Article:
Leading article: Faith and reason

As a secular and liberal newspaper, The Independent naturally believes in the separation of the church and state. The disestablishment of the Church of England is a nettle that ought to have been grasped in Britain long ago. But given that it has not been, we understand the need for politicians to work within the anomalies thrown up by these unsatisfactory constitutional circumstances. One such anomaly is the existence of several thousand state-funded Church of England schools in the UK, and the privileged position they enjoy over other religious schools.

In a country that long ago sloughed off its monocultural religious character - and which now plays host to an impressive range of different religions - fairness demands that, if CofE schools have access to public funds, so should Roman Catholic, Jewish, Muslim, Sikh and other religious teaching institutions, the majority of which currently exist outside the maintained sector. For the state to continue to finance CofE schools almost exclusively gives the unfortunate impression of discrimination. The Government was therefore right in its latest education Bill to invite more faith schools to join the maintained sector.

There is a growing body of opinion in Britain that says faith schools of all stripes should be denied funding. It is argued that by encouraging a "sectarian" education system the Government is storing up trouble for future community relations. We do not share that view. For one thing, faith schools are not about to disappear if they are not funded by the state. There is clearly a demand for them from some parents. And no government is going to order them to be shut down.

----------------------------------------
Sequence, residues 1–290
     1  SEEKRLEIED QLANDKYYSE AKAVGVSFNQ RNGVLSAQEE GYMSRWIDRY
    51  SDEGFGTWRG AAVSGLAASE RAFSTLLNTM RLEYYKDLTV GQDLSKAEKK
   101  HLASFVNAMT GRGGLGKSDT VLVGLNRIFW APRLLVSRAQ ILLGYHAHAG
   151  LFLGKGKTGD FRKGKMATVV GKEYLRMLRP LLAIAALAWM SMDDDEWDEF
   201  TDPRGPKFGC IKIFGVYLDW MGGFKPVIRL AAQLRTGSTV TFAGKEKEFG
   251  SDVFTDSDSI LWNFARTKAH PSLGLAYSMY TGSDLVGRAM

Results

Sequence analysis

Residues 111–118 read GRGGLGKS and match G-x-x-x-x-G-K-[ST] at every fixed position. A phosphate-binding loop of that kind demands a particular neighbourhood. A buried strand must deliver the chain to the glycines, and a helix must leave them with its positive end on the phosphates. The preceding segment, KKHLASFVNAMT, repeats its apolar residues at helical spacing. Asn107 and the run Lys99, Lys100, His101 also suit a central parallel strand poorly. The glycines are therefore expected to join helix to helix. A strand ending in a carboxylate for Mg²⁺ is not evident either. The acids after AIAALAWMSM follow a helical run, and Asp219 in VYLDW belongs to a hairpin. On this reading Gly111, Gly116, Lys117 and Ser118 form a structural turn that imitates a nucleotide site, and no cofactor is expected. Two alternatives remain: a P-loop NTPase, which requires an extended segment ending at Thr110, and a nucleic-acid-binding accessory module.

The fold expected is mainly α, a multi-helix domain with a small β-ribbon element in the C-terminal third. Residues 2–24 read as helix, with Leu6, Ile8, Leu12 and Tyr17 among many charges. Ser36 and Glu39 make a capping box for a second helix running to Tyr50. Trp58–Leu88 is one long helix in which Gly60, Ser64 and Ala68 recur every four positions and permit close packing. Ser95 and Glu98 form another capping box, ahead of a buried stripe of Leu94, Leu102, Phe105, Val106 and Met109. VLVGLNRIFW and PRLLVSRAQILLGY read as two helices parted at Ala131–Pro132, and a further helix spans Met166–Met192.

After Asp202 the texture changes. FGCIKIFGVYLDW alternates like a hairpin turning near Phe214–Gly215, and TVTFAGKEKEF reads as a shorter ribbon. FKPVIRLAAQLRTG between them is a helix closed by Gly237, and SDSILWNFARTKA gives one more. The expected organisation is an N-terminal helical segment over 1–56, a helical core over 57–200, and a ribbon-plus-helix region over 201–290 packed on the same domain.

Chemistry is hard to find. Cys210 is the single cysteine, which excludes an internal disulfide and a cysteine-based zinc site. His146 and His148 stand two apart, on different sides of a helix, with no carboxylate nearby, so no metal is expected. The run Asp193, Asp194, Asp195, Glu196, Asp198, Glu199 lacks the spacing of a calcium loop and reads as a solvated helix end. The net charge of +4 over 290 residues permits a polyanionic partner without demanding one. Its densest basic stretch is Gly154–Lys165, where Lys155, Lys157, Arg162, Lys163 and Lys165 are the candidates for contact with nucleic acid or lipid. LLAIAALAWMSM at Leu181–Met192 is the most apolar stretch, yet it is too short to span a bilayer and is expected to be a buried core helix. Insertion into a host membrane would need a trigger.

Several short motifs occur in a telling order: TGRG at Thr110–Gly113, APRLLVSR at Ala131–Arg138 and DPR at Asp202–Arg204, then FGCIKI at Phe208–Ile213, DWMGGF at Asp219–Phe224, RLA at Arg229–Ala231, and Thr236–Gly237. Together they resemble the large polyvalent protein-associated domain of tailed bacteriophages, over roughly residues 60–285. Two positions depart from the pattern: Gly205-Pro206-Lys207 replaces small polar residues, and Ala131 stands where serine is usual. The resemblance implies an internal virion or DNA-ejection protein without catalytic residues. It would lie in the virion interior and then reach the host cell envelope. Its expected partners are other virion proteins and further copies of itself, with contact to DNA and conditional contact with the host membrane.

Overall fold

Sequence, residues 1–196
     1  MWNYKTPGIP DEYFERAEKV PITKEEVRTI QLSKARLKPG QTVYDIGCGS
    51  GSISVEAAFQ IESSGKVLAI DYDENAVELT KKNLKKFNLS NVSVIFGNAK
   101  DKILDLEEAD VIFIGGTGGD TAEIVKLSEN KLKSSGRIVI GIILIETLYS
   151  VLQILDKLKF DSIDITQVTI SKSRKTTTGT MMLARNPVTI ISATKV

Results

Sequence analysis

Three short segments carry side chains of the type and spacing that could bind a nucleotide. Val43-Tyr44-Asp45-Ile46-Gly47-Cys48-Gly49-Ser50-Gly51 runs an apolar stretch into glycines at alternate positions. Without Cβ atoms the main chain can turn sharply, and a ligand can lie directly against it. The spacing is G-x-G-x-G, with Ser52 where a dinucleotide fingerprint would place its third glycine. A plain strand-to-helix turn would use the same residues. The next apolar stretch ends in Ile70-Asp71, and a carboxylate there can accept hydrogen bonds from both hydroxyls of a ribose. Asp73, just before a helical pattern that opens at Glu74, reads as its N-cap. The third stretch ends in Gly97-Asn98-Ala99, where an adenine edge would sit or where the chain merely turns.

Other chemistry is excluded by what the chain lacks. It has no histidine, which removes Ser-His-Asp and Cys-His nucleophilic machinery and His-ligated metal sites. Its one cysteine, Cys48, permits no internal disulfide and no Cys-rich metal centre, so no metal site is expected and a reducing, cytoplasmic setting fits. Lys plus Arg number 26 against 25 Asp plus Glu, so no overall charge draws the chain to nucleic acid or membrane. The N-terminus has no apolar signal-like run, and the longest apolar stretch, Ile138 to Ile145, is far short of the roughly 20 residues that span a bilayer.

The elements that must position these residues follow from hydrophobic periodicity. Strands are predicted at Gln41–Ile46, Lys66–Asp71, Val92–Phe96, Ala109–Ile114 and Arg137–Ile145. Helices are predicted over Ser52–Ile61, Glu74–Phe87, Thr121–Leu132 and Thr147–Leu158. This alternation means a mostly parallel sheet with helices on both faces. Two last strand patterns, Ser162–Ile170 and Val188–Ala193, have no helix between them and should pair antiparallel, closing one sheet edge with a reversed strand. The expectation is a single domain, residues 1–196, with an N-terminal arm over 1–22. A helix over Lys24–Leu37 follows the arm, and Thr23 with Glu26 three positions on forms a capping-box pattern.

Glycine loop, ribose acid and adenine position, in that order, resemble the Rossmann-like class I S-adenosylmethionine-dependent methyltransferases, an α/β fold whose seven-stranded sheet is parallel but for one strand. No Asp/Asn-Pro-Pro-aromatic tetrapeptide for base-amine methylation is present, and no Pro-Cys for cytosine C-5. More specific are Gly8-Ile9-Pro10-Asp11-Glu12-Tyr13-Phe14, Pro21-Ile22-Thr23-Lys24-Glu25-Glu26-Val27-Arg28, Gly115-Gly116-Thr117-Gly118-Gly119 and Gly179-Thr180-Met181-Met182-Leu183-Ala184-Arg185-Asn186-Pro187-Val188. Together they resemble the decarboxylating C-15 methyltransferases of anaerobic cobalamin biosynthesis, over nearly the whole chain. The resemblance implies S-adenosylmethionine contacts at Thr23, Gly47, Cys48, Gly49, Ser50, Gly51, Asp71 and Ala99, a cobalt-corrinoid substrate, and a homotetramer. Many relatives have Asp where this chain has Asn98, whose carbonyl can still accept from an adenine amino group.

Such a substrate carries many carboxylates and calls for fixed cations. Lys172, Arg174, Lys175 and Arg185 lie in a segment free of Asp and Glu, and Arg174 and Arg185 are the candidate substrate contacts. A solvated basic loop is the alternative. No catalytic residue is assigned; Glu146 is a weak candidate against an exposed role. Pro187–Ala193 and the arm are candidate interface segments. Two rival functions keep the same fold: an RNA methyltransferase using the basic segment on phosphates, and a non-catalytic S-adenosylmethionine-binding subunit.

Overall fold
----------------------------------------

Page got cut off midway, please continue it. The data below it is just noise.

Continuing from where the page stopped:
It is surely better, therefore, to bring such schools into the state system so they can be properly inspected for compliance with teaching standards and the national curriculum. This will mean that obviously deficient, or extremist, institutions can be identified. An inclusive policy also gives the Government more leverage over admissions. The Education Secretary, Alan Johnson, in a speech yesterday, confirmed that a quarter of the intake of new faith schools should be "non-believers". This seems a reasonable quid pro quo.

We must not allow the present hysteria over the role of religion in our society to blind us to the central issue here: education. The reason faith schools are often popular with parents is not because they offer a segregated education (although that clearly can be the case sometimes), but because they achieve good exam results. Practicality, rather than idealism, should govern official policy on education. And this means more state-funded faith schools.